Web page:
Paul: First of all, I use this Advanced Audio C12 (microphone) copy. There is actually a company here in Canada where they make these faithful reproductions. I discovered this microphone when I was in Nashville, of all places, when I was working in a studio there. The engineer was like (Laine making a southern accent) “I think these are made somewhere up by you.” (laughing) I loved this mic, so I looked it up, and sure enough it was from the Province I live in. So, that’s number one. I use this, and I run it through an Anthony DeMaria Labs ADL 1500, which is a very, very expensive two-compressor in the style of UA LA-2A. I do that like on ballads, and on all the rock stuff, I run through the old classic 1176 as a compressor.
For other gear, I have a Kemper, which we used a lot on this record. We used real amps, too, but I sold the majority my tube amps after Bruno called me one day, and he was like “dude, sell your amps and buy a Kemper because you won’t get any money for your tube amps.” I had this big collection of hand-wired Marshall heads, Hiwatts, and Laneys, so yeah, I am a big fan of the Kemper. It is pretty cool to have all those amps at your fingertips. My go-to guitar is a custom made Tele by Siegmund. He is this Norwegian guy that moved here to Canada and he has built a few guitars for me, but that is probably tonally the one that I use the most.
In terms of recording software, I use Digital Performer, while Bruno uses Cubase. It is pretty easy to share files when it is in the same format between those two. It is really bizarre because I only see Bruno face-to-face when we play gigs. For the whole album writing process, we aren’t on Zoom and we aren’t on Skype. We don’t see each other. It is strictly a phone call every morning — “hey man, where you at with this? I will send you where I am at.” — and we just go back and forth that way.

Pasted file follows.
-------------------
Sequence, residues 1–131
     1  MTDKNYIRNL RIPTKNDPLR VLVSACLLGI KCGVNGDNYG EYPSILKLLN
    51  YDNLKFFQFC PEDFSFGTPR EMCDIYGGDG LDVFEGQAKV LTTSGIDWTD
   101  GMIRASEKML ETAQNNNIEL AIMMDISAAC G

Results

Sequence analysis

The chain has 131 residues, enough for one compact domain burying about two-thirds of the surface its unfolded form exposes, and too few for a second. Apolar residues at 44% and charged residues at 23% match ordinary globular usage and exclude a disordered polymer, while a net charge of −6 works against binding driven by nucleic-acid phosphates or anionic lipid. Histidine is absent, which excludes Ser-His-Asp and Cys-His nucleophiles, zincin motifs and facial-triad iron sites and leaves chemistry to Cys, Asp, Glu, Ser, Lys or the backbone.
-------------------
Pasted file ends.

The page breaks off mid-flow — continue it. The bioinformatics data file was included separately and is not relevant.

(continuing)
Zach (All Music Magazine): I read that you cut your first demo at 18, which is how old I am now. After everything you have experienced since then, what advice would you now give your 18-year-old self that I should learn from?
Paul: I started recording in the studio when I was 15, and I was around 17-and-a-half or 18 when I was getting interest from record labels. I would tell younger me, “don’t worry, all it takes is one yes, so quit getting so beat up by people that say no.” That being said, remember that all of the negative things, or all the tough things that you hear, or any critical things you hear about your music are all just fuel to make you try harder. I know it is an old cliche, but the struggle is really, really important, because it makes you hang in there longer when you do get so many nos.
Look, all of us, whoever got record deals when we were young, pretty much knew when we wrote that first song that we went “I think this is a hit.” I think the very first time that happened to me was the real moment where I said, it doesn’t matter what anybody says. That really gave me the confidence to just go after it, because you couldn’t tell me something wasn’t a hit, as I would just laugh in your face at that point. You need to know when you are good, and you need to know when you are bad. Take the constructive criticism from the people that genuinely care about you and want to help you musically, and don’t listen to the haters. That would be my first, all-encompassing advice.
My second would be something that I did, which was always have a business approach to music. Always look at what everyone else is doing, and then don’t do it, because it isn’t working. Figure out something that makes you different from everybody else, and makes you rise above. If you are following what everybody else is doing, you are never going to stand above the crowd. Remember that the kid who sticks his head above the crowd always gets a rock thrown at it! And sometimes that rock has a record deal.